Coach Reggie Theus said he was "fired up" about being in charge… (Ricardo DeAratanha / Los…)
There are five new Division I basketball coaches in Southern California this year, and of them three are well-known names.
Coming to UCLA to try to live up to John Wooden standards is Steve Alford, who once played high school basketball in the same gym where Wooden played prep ball in Indiana.
Coming to USC is Andy Enfield, who was teased about his former model wife Wednesday at the Los Angeles Athletic Club Wooden Award Tipoff luncheon.
But possibly the most well-known newcomer is former Nevada Las Vegas and NBA star Reggie Theus, who pointed out he had scored more than 19,000 points in the NBA but was willing to take over the woebegone Cal State Northridge program that was 14-17 and 5-13 in the Big West last season under longtime coach Bobby Braswell.
"It's a big decision in life, to coach in the NBA or to coach in college," Theus said. "The difference for me is I don't want to deal with the politics in the NBA. In the end, in college it's your program and that gets me fired up. The ability to have an effect on young men."
Theus said he is particularly excited about senior guard Josh Green, who averaged 14.5 points a game last season and was honorable mention All-Big West Conference.
Alford said he was looking forward to coaching fifth-year senior twins Travis and David Wear and sophomore Tony Parker. Parker, from Atlanta, had been vocally unhappy at UCLA last season, when he appeared out of shape and hinted more than once on social media he might want to go home.
Enfield, rather than speaking much of individual players, spoke more about program-building.
"I'm the new guy on the West Coast," he said. "My plan with USC is to build a program that can be sustained. There's a lot of competition out there, but California is a hotbed of talent.
"We're trying to do things the right way and everybody is nice now. We're undefeated. Let's see who sticks with us as we build. We'll have eight new players this year, and next year I expect we'll have 12 or 13 new ones."
UC Irvine Coach Russell Turner, beginning his fourth season, was proud to state that his team had 21 wins, third-most in the 48-year history of the school, and was 12-0 when holding opponents under 60 points last season.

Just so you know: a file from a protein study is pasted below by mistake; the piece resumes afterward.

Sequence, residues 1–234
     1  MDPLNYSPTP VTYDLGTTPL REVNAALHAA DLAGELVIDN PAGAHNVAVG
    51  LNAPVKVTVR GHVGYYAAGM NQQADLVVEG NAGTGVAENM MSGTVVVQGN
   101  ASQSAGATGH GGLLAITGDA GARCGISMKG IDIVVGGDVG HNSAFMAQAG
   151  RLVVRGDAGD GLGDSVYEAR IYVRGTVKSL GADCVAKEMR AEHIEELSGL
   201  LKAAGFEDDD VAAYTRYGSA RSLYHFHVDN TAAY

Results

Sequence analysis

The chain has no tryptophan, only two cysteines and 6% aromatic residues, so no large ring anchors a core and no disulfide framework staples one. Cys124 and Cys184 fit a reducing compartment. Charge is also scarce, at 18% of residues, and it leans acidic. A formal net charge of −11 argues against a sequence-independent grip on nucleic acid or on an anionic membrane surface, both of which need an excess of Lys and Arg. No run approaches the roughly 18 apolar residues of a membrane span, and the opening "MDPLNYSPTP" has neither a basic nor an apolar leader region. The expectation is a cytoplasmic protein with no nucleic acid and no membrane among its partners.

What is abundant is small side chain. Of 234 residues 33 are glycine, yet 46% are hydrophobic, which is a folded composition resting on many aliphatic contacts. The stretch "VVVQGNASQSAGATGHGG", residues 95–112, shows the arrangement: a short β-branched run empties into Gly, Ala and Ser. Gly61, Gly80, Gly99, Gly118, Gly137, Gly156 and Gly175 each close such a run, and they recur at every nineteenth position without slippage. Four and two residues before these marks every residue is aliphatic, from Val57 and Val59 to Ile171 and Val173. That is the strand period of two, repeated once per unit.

Turner was also eager to talk about the three 7-footers on the team this season.
The Anteaters have 7-foot Conor Clifford, a sophomore from Huntington Beach; 7-2 Ioannis Dimakopoulos, a freshman from Greece; and 7-6 Mamadou Ndiaye, a freshman from Senegal who played at tiny Brethren Christian High in Huntington Beach. Turner said Ndiaye has an 8-foot, 3-inch wing span. "We're going to have to remove a few seats on the team bus," Turner said.
Turner also said anyone suspicious about how Ndiaye got into school should listen to the freshman speak any of five languages — Arabic, French, two African dialects and English. "And he has more charisma than height," Turner said. "He's a fascinating guy."
Long Beach State Coach Dan Monson doesn't start the season slowly.
With eight newcomers on his roster, Monson will need to get everybody on the same page fast. The 49ers' schedule includes games at Arizona; at Kansas State; in a tournament with Michigan, Georgetown, Virginia Commonwealth, Charlotte and Florida State; at Washington; Creighton; at North Carolina State; at USC; at Nevada; and at Missouri before beginning Big West Conference play.
One of the newcomers is UCLA transfer Tyler Lamb.
Monson said that when people ask how his team will be this season, he tells them to ask again after December is over.
"I didn't like last season," Monson said. "I didn't like how we represented. We've got nine new guys. I've got no idea how it will go, but I want to get the culture of our program back. No breaking team rules, no flunking out."
The 49ers finished 19-14 overall and 14-4 in the conference last season.
Legend of coaching
Tara VanDerveer, the longtime women's basketball coach at Stanford, was named the 2014 winner of the John. R. Wooden Award Legends of Coaching award.
Beside VanDerveer, only Tennessee's Pat Summitt and Connecticut's Geno Auriemma have won the award while coaching women's teams. The first recipient in 1999 was North Carolina's Dean Smith. VanDerveer's teams went to five straight Final Fours during one stretch and won NCAA titles in 1990 and 1992.